Dynacure calls it quits on top asset to the dismay of the myotubular myopathy community

Dynacure is acknowledging its lead asset, DYN101, is no dynamite cure for myotubular and centronuclear myopathies, ending development of the drug to the dismay of families hoping for a breakthrough. 

The news was released not by the company, but rather Myotubular Trust, an organization established in 2006 to help fund research into myotubular myopathy, a rare genetic disease that weakens muscles. The organization posted a letter (PDF) Thursday from Dynacure Chief Medical Officer Chris Freitag, M.D., relaying news of the trial wind-down. The organization said it was “deeply sad to have to relay the following news to our patient community.” The drug at play was an antisense med designed to reduce the expression of the dynamin 2 protein. 

In his letter, Freitag says the company was hit with a double whammy in the dose-escalation trial: Raising the dose to the lowest level expected to see a clinical upside incurred adverse effects without any benefit. Among six treated patients at that dose level, six reported elevated liver enzyme levels and five had low platelet counts. The company said none of the patients were ever at any risk.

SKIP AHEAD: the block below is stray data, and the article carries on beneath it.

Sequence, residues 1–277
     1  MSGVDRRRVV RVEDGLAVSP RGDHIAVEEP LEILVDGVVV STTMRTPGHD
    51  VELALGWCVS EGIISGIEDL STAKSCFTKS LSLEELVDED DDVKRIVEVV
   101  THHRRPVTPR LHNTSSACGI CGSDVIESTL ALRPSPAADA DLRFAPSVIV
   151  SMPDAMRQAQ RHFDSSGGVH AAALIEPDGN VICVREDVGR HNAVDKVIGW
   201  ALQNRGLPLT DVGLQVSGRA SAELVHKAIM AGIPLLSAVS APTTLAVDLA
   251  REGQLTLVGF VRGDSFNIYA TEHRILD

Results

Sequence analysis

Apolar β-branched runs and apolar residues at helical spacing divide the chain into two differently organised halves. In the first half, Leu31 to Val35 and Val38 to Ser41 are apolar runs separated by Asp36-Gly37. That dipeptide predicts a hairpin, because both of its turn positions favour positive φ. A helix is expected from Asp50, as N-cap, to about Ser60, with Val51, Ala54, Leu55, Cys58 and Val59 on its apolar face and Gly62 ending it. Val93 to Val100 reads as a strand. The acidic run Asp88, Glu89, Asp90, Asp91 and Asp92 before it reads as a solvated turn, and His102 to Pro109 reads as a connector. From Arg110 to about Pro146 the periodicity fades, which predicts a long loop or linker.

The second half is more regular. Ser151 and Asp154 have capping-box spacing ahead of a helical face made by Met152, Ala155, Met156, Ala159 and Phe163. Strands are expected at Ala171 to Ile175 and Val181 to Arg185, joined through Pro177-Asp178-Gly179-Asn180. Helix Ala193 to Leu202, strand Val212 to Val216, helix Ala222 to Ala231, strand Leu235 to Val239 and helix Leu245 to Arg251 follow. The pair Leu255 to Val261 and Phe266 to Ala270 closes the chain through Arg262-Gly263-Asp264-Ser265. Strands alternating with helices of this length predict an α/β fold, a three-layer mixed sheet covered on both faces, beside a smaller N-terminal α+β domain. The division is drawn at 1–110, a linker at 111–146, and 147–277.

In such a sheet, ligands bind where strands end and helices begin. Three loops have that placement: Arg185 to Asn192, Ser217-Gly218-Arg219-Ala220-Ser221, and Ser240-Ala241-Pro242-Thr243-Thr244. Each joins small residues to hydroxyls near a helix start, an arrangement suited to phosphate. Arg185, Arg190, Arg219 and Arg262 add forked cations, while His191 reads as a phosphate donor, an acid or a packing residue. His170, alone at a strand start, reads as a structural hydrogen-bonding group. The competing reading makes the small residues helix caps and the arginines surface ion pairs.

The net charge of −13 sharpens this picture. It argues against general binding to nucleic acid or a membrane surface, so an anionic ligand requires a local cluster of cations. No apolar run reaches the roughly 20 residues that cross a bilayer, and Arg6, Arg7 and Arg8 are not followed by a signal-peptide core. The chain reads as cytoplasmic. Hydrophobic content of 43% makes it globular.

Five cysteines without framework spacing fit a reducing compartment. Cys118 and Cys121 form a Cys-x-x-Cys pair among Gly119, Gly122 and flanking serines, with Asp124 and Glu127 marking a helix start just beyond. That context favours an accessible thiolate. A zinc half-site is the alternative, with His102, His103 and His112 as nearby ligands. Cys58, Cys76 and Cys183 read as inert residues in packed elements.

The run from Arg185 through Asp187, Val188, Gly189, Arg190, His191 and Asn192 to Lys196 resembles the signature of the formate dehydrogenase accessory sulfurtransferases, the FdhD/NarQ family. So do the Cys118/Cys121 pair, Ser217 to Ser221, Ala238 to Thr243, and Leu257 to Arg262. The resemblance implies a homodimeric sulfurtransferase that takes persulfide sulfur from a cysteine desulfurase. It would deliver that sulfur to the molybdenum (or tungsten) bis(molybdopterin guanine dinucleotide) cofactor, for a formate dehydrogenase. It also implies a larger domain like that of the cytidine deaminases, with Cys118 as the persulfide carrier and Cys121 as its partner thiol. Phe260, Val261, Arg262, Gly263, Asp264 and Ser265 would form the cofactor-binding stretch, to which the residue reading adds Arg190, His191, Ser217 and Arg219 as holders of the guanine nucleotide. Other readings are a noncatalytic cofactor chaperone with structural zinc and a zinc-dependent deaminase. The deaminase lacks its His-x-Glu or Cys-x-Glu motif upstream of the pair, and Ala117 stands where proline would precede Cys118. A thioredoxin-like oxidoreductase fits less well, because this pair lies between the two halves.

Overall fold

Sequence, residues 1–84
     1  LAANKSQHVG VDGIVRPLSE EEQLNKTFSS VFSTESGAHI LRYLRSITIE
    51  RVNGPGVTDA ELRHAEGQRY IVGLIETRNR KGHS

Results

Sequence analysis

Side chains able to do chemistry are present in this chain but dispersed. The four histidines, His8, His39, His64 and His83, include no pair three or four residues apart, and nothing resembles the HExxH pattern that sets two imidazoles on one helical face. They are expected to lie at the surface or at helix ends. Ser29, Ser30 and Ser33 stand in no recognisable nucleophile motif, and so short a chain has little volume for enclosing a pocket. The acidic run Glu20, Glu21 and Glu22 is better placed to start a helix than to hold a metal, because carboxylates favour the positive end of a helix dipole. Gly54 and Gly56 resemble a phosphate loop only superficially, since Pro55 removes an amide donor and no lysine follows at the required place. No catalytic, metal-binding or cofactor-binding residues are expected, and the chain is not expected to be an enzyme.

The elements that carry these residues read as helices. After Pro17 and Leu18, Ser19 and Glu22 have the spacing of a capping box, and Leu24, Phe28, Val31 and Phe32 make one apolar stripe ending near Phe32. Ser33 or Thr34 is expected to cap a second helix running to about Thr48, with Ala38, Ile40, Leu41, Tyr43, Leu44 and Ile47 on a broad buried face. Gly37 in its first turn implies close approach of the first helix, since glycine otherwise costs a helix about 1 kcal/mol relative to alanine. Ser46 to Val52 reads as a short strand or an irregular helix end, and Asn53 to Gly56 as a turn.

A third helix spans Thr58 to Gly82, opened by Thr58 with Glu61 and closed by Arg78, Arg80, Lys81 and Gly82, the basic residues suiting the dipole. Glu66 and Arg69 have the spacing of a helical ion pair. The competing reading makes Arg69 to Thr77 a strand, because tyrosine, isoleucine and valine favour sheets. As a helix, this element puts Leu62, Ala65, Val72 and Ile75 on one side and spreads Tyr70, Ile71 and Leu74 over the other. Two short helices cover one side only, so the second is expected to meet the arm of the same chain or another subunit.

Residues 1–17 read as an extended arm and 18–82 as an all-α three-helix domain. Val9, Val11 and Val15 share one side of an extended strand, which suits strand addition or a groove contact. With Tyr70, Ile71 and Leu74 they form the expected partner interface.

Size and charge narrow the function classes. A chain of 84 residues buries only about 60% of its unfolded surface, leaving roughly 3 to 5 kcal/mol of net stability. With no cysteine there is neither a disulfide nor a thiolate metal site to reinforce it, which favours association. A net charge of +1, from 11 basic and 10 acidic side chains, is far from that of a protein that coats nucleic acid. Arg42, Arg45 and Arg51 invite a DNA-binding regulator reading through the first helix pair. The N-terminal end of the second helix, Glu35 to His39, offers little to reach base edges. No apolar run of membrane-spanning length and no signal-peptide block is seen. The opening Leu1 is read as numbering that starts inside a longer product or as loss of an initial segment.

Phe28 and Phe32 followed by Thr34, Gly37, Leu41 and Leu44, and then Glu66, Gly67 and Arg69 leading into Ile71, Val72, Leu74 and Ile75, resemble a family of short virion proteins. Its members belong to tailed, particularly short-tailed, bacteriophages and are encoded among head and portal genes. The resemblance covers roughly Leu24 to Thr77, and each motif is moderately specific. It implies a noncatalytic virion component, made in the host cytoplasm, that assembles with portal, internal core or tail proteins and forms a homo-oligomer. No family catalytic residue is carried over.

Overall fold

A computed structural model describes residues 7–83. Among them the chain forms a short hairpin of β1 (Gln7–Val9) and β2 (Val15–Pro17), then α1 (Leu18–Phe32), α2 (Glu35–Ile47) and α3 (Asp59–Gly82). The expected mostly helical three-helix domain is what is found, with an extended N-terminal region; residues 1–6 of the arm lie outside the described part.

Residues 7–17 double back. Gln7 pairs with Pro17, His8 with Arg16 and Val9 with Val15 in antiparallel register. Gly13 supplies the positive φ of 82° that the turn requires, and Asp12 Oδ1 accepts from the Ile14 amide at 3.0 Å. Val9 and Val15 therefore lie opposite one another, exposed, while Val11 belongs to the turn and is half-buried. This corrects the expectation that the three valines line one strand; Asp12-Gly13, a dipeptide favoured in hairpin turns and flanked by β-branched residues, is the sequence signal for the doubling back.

“Based on the tolerability findings at the low dose level thus far, continuation of dosing or even dose escalation will not be possible,” wrote Freitag. “As a company and as individuals, we are overwhelmed with disappointment.”

Freitag added that the company would make the trial results public and that this may not be the end for DYN101 but noted that it was “too early” to comment on what comes next.

Although not yet reflected in the company’s pipeline, Dynacure licensed its second asset, DYN201, in October 2020 from the Paris Brain Institute as a potential treatment for hereditary spastic paraplegia. 

The news comes six months after the company nabbed an FDA fast-track designation tag for DYN-101 and roughly two years after receiving a rare pediatric disease designation. At the time of the breakthrough tag, the company expected data in the second half of this year.

After launching in 2016, the company raised more than $100 million over a couple of fundraising rounds, most recently completing a $55 million series C in April 2020.